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CD & Download: High Definition Tape Transfers

Gustav HOLST (1874-1934)
The Hymn of Jesus (1917) [21:36]
The Perfect Fool - Ballet Music (1918-22) [10:39]
Egdon Heath (1927) [12:45]
BBC Chorus
London Philharmonic Orchestra, BBC Symphony Orchestra/Sir Adrian Boult
rec. 15 March 1961, Kingsway Hall, London
Source used for transfer: Decca LP SXL6006

Experience Classicsonline

HDTT lists are always worth keeping an osprey eye on. You never know what they are going to come up with.
At one time HDTT used to source all their material from the commercial reel-to-reel tapes that in the 1950s-1970s were more popular in the USA than in the UK. Some of the sound they realised from these sources remains astonishingly vivid - a real buzz to hear. This CD derives from an iconic British Council-sponsored Decca LP. It was from the Beatles era when British classical music was pretty scarce in the catalogues.
The price you pay is a barely audible vinyl pre-echo. It would have been print-through if from an iron-oxide magnetic reel. It’s there to be heard - on headphones - at the start of The Perfect Fool music. The sound is sumptuously piled high and deep across an excitingly wide and lively soundstage. My CD player picked up a transient skip at 3.10 but otherwise the experience is as it should be.
Mention of The Perfect Fool reminds me that we really do need the whole thing recorded. It has been broadcast by Groves (1972) and Handley (1995) on BBC Radio 3 and you would have thought that at least the Handley would have survived from 1995. After that how about the complete opera Sita.
The Hymn of Jesus is a work of fervent oriental enchantment which has some things distantly in common with Szymanowski’s Song of the Night and Stabat Mater. Boult in 1961 directs an empathetic performance which moves rapidly from dimension to spatial dimension from great roaring combers of sound to mystical confidings. As an example of the excellence of the recording try 12:00 where the remotely tinkling piano is captured clearly yet without undue assertion. A second after the last note of the Hymn the transfer has picked up a stray low level pick-up click - just an isolated aural artefact. Otherwise this disc reminds us of the great things that were chalked up during the analogue years. The original LP can be counted alongside EMI’s achievement with the Elgar/Silvestri In the South. It’s also in the same league - surprisingly enough - as a glorious Beni Mora by Sargent/BBCSO (HMV BLP1101). That constantly stunning EMI 10" LP as thick as a plate - well almost. Such a secure and satisfying recording. The Egdon Heath is sombre and indomitable - an object lesson in Hardyesque grit and tragedy.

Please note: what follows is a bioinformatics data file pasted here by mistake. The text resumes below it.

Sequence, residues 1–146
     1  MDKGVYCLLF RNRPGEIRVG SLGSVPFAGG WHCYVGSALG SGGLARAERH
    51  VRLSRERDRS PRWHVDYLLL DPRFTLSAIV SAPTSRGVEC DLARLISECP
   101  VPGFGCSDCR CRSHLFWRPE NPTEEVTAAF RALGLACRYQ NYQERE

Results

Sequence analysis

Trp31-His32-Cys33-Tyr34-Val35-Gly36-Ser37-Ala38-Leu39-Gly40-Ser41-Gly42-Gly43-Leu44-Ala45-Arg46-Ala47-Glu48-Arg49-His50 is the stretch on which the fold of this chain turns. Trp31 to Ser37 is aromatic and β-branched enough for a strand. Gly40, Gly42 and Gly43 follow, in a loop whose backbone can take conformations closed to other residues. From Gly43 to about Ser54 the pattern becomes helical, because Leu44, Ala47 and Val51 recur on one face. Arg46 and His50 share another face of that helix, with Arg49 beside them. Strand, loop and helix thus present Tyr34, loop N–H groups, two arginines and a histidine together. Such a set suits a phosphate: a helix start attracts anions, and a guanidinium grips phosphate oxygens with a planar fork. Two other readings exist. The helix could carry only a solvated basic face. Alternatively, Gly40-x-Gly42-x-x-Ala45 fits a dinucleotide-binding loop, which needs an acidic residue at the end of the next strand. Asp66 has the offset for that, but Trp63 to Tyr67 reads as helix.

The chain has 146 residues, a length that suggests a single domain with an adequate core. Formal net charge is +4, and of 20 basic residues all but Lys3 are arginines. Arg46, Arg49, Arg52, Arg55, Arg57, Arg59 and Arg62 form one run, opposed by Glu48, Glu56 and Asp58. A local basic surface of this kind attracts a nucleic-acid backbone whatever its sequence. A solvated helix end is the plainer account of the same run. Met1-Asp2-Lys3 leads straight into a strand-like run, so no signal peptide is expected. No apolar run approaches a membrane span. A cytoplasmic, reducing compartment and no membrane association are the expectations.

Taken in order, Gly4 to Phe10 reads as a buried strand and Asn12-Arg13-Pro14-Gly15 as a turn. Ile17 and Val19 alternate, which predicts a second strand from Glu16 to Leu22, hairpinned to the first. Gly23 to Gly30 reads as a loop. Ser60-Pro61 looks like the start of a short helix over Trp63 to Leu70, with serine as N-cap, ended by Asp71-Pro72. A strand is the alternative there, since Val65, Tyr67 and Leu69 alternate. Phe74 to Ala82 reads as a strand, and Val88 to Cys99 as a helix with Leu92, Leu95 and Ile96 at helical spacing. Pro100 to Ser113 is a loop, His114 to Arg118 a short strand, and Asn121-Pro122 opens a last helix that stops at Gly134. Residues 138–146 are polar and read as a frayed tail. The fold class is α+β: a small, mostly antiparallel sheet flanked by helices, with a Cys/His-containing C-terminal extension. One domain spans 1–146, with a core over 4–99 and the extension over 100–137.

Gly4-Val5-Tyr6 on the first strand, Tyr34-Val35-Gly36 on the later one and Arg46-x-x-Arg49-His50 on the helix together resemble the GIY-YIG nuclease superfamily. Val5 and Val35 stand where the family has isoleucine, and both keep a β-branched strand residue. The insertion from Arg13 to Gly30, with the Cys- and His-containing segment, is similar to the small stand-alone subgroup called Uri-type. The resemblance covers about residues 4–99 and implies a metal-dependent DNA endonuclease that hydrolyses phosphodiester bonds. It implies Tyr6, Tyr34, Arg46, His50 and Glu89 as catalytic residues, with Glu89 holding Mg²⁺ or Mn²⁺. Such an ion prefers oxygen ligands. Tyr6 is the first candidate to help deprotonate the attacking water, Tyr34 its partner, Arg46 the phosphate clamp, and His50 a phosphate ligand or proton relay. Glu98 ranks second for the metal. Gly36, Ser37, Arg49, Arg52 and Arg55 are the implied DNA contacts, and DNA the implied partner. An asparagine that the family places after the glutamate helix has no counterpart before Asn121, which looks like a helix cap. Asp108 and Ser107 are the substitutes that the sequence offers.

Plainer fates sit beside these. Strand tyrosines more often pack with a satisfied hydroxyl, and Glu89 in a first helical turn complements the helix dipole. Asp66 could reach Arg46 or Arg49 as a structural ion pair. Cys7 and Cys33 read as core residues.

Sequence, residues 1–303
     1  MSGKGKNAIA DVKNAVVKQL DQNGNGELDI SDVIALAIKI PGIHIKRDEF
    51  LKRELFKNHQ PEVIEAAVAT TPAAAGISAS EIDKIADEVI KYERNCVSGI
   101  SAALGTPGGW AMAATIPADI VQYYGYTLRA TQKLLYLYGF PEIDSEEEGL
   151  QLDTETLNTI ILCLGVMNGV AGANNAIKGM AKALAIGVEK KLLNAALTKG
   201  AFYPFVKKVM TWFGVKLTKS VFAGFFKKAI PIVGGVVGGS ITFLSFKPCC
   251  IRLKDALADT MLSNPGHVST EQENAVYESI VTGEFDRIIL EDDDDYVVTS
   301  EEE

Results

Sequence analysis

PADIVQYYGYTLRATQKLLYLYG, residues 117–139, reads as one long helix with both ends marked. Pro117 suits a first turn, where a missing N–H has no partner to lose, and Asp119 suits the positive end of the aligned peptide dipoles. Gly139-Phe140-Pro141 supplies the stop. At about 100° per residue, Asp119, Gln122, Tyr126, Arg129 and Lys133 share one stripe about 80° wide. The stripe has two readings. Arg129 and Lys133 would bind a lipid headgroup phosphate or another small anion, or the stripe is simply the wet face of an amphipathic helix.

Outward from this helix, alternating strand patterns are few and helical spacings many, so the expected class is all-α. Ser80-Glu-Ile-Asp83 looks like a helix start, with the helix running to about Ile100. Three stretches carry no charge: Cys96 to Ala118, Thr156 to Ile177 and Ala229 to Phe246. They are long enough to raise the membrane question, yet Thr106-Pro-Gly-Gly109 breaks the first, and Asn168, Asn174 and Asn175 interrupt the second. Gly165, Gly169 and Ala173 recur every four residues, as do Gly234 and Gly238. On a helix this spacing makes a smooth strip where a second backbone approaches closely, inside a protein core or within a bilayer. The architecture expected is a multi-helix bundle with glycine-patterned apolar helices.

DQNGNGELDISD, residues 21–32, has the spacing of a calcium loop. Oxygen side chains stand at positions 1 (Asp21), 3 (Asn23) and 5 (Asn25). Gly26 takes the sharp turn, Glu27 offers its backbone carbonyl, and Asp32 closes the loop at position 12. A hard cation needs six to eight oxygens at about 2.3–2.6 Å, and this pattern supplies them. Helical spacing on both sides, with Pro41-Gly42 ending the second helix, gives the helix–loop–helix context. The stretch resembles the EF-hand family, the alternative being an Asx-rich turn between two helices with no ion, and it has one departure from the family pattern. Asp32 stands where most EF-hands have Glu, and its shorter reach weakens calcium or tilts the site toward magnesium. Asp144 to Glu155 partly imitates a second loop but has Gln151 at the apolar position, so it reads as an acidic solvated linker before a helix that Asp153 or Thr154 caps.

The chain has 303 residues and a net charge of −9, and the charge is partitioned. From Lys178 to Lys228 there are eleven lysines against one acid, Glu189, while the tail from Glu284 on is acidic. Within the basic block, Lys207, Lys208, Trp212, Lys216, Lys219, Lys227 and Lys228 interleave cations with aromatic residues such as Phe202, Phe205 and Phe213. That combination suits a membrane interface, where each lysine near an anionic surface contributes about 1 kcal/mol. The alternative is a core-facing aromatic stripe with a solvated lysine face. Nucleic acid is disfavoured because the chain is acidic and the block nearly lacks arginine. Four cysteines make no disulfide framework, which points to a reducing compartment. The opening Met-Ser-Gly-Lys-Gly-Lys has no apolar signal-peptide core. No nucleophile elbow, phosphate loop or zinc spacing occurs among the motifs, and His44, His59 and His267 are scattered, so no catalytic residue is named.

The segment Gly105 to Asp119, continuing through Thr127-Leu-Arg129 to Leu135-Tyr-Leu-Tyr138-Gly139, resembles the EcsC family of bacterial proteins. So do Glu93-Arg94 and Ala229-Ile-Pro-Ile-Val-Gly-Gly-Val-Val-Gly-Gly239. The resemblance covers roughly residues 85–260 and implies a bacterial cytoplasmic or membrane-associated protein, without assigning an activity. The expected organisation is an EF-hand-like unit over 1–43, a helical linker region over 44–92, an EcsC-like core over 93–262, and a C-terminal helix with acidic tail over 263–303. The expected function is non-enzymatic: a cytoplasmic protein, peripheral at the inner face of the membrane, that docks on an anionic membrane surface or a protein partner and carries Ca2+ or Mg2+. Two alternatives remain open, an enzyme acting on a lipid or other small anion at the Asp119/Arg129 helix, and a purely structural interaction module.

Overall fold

I have not compared the two but as a replica of the original LP which many old stagers will still have this HDTT disc could be compared with the 2 CD Decca Holst set from their British Music Collection (review review). The Decca also includes a generous selection of other Holst originals from their vaults.
The notes are sensibly printed black on white and are very legible.
HDTT should next consider resurrecting one of the finest analogue recordings of the first part of the nineteen-seventies: Horst Stein conducting the Suisse Romande in Sibelius’s tone poems on SXL 6542: a black-hearted Finlandia, a viscerally exciting En Saga and a Pohjola’s Daughter which is the aural counterpart to the glowing colours of an Akseli Gallen-Kallela (1865-1931) painting.
These are sturdy, well measured, well judged performances where a sense of rooted and dedicated rightness allows this brilliant and sometimes understated music to emerge naturally.
Rob Barnett 





























































































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